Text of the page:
Team to tackle problem of disappearing king salmon
Kenai Mayor Pat Porter, left, speaks to Alaska Department of Fish and Game Commissioner Cora Campbell following a news conference on July 20 in Anchorage. Porter attended a news conference led by Campbell and Alaska Gov. Sean Parnell to address actions the state can take in light of the poor king salmon run statewide, affecting both subsistence and commercial fishermen.
A team of top researchers and scientists is being formed to take a comprehensive look at why king salmon returns to Alaska’s rivers are dismal again this summer, Gov. Sean Parnell announced July 20.
Parnell was joined by Alaska Department of Fish and Game Commissioner Cora Campbell at a news conference to talk about what the state intends to do about the problem of disappearing king salmon.
Parnell said many Alaskans are suffering this summer because of poor runs.
“The resource is so closely connected to our people, we cannot get it wrong,” Parnell said.
The governor said he wants the team’s report and recommendations by the fall for bringing more king salmon back to the rivers to spawn. So few kings, also called chinook, have been showing up that several major rivers, including the Yukon and Kenai rivers, have been closed to king fishing.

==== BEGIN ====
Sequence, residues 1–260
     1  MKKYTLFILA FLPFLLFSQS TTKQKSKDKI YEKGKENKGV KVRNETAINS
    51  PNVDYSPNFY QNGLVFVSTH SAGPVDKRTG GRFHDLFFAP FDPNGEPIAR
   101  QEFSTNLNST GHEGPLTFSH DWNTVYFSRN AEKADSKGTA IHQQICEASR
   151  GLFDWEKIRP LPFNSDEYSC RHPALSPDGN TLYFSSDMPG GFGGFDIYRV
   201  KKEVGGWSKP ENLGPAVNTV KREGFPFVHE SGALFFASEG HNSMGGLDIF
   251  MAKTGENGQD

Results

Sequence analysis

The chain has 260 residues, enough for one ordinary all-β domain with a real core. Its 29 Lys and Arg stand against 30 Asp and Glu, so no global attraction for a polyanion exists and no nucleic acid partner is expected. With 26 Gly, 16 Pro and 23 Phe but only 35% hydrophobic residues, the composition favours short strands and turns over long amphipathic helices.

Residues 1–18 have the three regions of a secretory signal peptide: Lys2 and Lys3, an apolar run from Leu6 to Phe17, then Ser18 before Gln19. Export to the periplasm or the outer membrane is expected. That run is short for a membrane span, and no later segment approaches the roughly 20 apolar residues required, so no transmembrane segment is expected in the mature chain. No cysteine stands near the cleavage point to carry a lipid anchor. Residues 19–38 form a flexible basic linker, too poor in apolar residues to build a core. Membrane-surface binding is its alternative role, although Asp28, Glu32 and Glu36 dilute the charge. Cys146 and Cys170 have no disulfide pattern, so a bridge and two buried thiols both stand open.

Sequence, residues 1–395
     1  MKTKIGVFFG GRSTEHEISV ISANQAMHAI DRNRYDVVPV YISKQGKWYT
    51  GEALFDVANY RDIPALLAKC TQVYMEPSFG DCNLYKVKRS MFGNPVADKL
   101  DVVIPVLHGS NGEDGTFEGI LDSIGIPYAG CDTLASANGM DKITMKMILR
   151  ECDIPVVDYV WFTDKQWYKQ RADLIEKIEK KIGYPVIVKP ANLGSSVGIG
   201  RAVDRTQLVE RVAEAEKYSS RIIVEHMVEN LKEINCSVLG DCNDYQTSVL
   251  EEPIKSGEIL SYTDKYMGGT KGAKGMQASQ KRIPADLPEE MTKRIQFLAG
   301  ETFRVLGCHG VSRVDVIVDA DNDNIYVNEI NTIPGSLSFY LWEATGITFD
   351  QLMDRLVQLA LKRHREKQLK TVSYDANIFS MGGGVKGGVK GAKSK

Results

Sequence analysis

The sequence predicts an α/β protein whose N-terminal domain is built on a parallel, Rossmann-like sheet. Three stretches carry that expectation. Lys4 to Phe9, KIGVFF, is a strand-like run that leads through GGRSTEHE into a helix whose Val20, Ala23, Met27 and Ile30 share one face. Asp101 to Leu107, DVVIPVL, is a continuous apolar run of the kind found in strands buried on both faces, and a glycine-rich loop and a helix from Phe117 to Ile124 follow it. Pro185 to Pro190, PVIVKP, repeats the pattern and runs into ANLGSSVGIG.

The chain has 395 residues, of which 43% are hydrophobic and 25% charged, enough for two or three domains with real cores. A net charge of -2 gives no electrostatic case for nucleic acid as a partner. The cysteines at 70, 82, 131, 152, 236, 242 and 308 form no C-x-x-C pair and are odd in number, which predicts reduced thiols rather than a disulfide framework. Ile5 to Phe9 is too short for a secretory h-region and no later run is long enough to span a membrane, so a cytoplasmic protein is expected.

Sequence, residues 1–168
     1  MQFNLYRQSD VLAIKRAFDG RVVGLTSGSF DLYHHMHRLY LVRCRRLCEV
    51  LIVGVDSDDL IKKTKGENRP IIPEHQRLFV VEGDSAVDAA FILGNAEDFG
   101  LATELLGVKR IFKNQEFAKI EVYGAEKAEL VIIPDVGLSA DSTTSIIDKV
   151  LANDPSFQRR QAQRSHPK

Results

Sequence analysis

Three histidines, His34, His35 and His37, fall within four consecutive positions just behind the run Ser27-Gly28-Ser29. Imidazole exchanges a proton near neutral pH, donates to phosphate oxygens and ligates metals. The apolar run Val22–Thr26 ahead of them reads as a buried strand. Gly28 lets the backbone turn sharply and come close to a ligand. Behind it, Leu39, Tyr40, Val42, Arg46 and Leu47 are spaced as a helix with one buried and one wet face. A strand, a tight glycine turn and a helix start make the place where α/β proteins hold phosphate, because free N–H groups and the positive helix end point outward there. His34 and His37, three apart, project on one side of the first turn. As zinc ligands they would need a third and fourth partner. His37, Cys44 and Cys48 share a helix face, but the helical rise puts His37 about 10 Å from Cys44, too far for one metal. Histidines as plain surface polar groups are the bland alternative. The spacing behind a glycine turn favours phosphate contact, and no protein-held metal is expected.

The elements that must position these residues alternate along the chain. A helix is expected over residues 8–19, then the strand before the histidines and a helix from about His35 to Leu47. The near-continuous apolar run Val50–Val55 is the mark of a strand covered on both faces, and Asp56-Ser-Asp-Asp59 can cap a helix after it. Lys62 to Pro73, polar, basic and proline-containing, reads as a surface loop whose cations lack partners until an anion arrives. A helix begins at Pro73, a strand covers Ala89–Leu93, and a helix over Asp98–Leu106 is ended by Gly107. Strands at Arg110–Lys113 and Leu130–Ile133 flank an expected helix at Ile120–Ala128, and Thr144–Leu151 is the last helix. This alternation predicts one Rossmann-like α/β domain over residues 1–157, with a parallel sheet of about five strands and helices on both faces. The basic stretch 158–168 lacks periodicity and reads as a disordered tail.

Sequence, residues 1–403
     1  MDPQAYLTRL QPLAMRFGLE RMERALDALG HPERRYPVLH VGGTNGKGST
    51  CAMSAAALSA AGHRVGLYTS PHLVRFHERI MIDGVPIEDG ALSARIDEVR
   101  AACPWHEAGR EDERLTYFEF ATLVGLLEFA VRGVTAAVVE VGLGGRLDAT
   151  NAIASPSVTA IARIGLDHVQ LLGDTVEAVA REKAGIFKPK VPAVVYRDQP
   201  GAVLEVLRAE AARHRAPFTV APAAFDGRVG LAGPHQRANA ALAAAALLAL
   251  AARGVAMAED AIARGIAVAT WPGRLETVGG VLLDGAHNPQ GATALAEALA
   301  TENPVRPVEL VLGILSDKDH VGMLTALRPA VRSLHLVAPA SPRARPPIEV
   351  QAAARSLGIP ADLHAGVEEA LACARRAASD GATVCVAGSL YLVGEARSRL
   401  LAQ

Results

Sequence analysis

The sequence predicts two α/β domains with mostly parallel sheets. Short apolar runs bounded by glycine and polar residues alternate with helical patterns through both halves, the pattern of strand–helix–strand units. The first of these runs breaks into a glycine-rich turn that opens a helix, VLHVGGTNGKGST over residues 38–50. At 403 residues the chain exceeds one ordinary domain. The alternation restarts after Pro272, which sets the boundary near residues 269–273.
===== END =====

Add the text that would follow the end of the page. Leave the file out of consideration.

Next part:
The closures include major rivers in western Alaska where commercial fishermen are sitting idle and people who rely on king salmon and its higher oil content for smoking, salting and freezing for winter are turning to other species of salmon for food.
On the Kenai Peninsula south of Anchorage, setnetters are being prevented from fishing and sport fishing guides are seeing some clients cancel trips because there is no opportunity to catch an Alaska king. Gone also is the money from summer visitors that ripples through the local economy.
“It is huge,” said Kenai Mayor Pat Porter, of the impact of the king closures. “This is their livelihood.”
Nearly 200 commercial set-net fishermen protested river closures Friday afternoon in Kenai, many questioning the state’s management of Cook Inlet fisheries.
The task of the team will be three-fold: evaluate king salmon stocks, find possible reasons for the decline and make recommendations to bring the kings back in numbers that will sustain future runs.
Campbell said more resources and money will be put toward finding answers. But, she said, Alaskans should not expect king salmon stocks to suddenly rebound because what the state is experiencing is a prolonged downturn.
The commissioner said the state already has put several million dollars in additional money toward chinook research and expects additional money to be allocated.
Campbell said the state is working closely with the U.S. Department of Fish and Wildlife and the National Marine Fisheries Service on the chinook problem and that collaboration will continue. It is important that the state work with federal agencies to fill in any research gaps, she said, particularly as to what might be occurring in the marine environment where king salmon spend several years before returning to rivers to spawn.
Some experts have suggested the decline in kings has to do with changes in the ocean environment, where the federal government has jurisdiction.
“We want to understand what is happening with our fish,” Campbell said.